In other words, our benevolent NGOs have decided the best way to protect our planet is to go in, take charge, divulge their knowledge and dictate to the natives the actions necessary for their own well-being and that of planet - regardless of the cultures, traditions, and intimate ecological knowledge of the original inhabitants. For certain, the big-time NGOs have made enormous contributions to the preservation of our planet, and humanity’s awareness of environmental and human rights issues. I don’t doubt their intentions, nor dismiss their accomplishments. Their methods, however, stand to be questioned. Thoroughly educated in the science of the west, they arrive in a foreign land – ready to apply their “superior” knowledge to the jungles of the developing world. Is this preservation or development? Are we the ambassadors of human rights, or sugarcoated missionaries?
This phenomenon is but one example of the clash that is taking place in developing countries around the world – not to mention in struggling communities at home. When we present our solutions, branded with our western perspective, to a foreign community, we immediately discredit their knowledge – a wisdom that has been built up over generations of intimacy with their own land, the hardships and successes of their ancestors, and an understanding of the soul of their culture. Moreover, such action discounts their own ability to resolve local problems. Indigenous and minority groups the world-over have found themselves ravaged by dependency. As a Native American elder stated, “Government aid was the worst thing to happen to our people.” With free handouts, initiative disappears, confidence and self-sufficiency dwindles, and belief in the need for outside help becomes entrenched in the group psyche.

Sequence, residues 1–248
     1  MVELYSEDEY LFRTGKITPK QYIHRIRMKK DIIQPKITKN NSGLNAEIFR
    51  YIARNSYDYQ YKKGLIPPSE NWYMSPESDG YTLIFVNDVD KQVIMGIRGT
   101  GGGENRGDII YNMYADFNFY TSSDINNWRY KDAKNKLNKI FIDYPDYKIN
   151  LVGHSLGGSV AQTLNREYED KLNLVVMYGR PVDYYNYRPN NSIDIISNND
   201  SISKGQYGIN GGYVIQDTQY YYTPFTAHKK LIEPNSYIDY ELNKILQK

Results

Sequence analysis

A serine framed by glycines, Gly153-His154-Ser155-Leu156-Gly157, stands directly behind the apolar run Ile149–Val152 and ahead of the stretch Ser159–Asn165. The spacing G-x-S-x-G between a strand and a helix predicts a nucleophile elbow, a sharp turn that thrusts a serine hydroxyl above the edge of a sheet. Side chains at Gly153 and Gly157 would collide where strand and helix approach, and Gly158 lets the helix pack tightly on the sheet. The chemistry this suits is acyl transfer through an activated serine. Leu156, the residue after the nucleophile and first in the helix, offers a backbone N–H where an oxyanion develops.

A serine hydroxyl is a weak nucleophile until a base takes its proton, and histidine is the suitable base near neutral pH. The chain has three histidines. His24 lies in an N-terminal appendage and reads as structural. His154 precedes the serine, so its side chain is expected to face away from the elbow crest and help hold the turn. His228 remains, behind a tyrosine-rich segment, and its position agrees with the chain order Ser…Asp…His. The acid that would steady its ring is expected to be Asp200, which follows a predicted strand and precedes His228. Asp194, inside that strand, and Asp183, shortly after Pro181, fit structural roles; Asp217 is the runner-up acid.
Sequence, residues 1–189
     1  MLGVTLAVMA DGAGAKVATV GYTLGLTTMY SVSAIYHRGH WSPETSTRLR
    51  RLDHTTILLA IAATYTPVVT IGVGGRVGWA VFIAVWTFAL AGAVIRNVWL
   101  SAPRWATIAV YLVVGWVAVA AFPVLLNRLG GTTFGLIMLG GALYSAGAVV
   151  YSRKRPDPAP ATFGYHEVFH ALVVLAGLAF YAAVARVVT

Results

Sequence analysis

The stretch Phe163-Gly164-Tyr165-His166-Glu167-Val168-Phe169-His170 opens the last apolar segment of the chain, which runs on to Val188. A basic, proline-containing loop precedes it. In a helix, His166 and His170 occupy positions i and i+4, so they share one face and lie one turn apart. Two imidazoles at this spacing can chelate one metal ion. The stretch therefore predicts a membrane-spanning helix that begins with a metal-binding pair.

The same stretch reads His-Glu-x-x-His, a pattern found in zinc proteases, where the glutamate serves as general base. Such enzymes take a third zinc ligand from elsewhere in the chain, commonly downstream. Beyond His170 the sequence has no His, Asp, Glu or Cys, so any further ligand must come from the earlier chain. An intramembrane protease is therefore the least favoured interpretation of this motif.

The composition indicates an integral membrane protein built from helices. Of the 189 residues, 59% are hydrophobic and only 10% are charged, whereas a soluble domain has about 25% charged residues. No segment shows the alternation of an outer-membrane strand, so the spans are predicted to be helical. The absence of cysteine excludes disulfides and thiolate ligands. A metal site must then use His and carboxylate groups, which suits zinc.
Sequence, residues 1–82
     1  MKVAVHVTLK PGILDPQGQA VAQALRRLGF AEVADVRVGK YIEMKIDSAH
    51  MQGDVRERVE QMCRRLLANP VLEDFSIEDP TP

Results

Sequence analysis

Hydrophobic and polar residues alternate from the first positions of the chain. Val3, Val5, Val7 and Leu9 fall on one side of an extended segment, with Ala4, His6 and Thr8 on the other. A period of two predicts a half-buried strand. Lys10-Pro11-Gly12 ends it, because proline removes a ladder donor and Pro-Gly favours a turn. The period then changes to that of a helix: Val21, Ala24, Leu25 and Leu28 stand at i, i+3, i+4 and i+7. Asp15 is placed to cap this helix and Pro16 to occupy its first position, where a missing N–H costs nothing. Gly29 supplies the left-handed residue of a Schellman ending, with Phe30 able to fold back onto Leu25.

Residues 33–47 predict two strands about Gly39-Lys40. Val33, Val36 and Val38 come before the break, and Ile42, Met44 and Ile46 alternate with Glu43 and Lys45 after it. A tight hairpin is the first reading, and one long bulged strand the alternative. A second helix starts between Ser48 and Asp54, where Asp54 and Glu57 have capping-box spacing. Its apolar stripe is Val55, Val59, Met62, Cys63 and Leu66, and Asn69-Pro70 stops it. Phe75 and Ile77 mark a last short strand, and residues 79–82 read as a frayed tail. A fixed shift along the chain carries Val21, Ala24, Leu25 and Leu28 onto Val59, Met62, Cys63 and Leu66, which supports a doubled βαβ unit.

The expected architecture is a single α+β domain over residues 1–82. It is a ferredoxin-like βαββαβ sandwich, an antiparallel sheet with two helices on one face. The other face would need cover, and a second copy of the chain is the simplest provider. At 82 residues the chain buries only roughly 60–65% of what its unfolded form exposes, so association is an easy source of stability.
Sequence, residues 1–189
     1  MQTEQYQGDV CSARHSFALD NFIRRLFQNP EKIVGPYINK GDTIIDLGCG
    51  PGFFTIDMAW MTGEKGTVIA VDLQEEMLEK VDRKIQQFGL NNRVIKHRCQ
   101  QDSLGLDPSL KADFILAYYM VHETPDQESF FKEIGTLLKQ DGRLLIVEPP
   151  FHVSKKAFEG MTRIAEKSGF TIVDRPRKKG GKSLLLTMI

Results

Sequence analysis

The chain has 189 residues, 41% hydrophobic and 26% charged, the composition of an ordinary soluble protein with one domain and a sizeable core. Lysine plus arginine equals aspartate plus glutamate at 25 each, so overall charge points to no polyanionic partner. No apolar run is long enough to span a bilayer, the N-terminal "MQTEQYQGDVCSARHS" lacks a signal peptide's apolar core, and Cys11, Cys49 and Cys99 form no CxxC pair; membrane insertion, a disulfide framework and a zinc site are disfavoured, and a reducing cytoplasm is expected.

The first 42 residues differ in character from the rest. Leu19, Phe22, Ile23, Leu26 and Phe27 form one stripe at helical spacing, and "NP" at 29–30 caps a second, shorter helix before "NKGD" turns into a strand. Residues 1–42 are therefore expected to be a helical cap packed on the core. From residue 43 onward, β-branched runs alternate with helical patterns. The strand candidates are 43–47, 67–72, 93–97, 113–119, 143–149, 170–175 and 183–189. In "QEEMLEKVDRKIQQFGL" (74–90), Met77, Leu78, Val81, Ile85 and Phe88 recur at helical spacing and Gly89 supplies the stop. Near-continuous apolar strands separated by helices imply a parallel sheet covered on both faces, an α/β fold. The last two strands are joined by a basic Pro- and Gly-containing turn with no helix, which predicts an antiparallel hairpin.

Many of us are eager to contribute to the “global peace movement”. We happily sign petitions, donate our money, and volunteer to build western-styled infrastructure in developing countries. But are we listening to the values of those we seek to help? Are we encouraging them to use their own initiative and traditional knowledge? Are we asking what we can learn from them? If our actions are not based in humility and reverence; if they do not encourage self-sufficiency, pride, and confidence; if they are lead by the torches of arrogance and ideology - they have no more value than the destructive acts of imperialistic governments, free-market advocates, or religious zealots.
Next blog: “The Third Prong”. Casting aside this apparent cynicism, I look towards hope, resolution, and yes, love – the only thing that keeps humankind marching forward.